Monday, 29 October 2007

Power shortages?

If the coming winter is a cold one there might have to be power cuts even in households and not just in the industry.

A very cold winter might stretch Finland's energy resources past the breaking point as Finland does not produce enough power of its own. There is a risk for power cuts especially during the peak season of Christmas when the traditional Xmas sauna is heated up at the same time with the traditional Xmas ham cooked in the ovens. At present power is imported from Russia accounting up to ten percent of Finland's energy needs and the Finnish power supply company Fingrid now says that with Russia turning down its output in order to meet its own power needs there might not be any power left to sell to Finland.

The worst case scenario is that even household power would have to be rationed, this meaning cut of for some time, and the power supply company now hopes that the households will economize the amount of power used during a cold winter. Some electricity is also imported from Sweden but with a cold snap there at the same time as here in Finland, there would be no additional electricity resulting in shortages. As last winter was an exceptionally mild one apart from a couple of short cold snaps Finland didn't experience any power shortages although they were already then expected to happen.

An electricity shortage or rationing of the same will surely make the electricity prices sky rocket.

As I am no sports fan I to my great surprise yesterday found out that The FIS Ski Cross Country Worldcup began its’ season 2007/2008 in Düsseldorf, again, and this for the 4th time.

Snow in Dusseldorf at this time of the year?!?

End of October a mild autumn, in the middle of the Old town down by the river Rhine? When the leaves still are green? Becoming curious I googled the event and found the official site and read on.

What a waste of energy and resources!

The event was proud to on their official site announce that they are the only event of the cross country season to have a 100% guarantee for snow. The needed 3000 cubic metres of snow for the track is made out of 1500 cubic metres pure drinking-water without any chemical additives. The same amount of water to fill a common 50m swimming pool and the manufacturing of the snow is begun 100 days ahead of the World Cup and the track itself is handmade.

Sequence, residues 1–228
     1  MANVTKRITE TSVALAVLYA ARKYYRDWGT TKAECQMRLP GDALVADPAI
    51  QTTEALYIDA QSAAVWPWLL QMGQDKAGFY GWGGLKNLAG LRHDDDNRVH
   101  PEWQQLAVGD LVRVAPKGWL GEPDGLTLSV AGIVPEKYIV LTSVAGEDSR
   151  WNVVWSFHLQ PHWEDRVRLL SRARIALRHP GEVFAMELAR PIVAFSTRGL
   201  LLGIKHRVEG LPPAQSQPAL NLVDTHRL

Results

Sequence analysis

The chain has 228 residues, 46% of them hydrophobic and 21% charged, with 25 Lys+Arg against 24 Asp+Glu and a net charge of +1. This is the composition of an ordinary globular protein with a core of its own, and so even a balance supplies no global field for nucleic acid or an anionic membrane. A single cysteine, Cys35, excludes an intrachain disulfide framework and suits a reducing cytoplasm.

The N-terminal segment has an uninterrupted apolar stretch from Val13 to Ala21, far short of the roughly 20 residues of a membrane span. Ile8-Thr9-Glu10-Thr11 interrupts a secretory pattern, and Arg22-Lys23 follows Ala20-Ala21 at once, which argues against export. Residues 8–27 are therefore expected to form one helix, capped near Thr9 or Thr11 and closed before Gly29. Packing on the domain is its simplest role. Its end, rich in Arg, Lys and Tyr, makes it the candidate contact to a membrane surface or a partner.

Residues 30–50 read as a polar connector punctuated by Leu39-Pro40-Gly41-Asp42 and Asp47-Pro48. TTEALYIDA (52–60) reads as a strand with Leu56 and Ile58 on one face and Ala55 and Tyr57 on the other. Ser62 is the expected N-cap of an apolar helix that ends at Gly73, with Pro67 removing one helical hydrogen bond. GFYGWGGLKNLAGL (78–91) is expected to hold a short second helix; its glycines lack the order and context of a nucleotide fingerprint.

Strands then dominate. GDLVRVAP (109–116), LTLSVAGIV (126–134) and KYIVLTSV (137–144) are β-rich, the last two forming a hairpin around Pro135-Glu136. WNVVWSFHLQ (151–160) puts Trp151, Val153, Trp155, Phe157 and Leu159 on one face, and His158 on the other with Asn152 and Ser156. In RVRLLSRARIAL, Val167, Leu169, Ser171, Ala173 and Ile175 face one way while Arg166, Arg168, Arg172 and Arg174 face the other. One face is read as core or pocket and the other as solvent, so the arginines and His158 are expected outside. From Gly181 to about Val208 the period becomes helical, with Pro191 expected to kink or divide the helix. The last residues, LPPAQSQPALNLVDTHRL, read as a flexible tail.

Okay, cleaning the water, making it freeze, storing it cold in order to have the needed amount, moving the snow into place of the track, hand making the track, how much does this cost in energy resources?
Or money for that matter?

And there is lack of pure drinking water in many areas of the world!

I have been feeling bad about it as there is no alternative when showering living in apartment in Finland as the municipalities supply you with water and it is all pure drinking water but this unbelievable wast of resources.

One thing comes to mind though, they are absolutely right, good that the water used is pure and does not pollute the river Rhine in any way as it is quite polluted already. No more additional pollution of the water except for maybe some substances washed down by the melting snow on its’ way down the banks into the river below.


You can check out the facts out yourself at the provided link to the official cite of The FIS Ski Cross Country Worldcup in Düsseldorf at:

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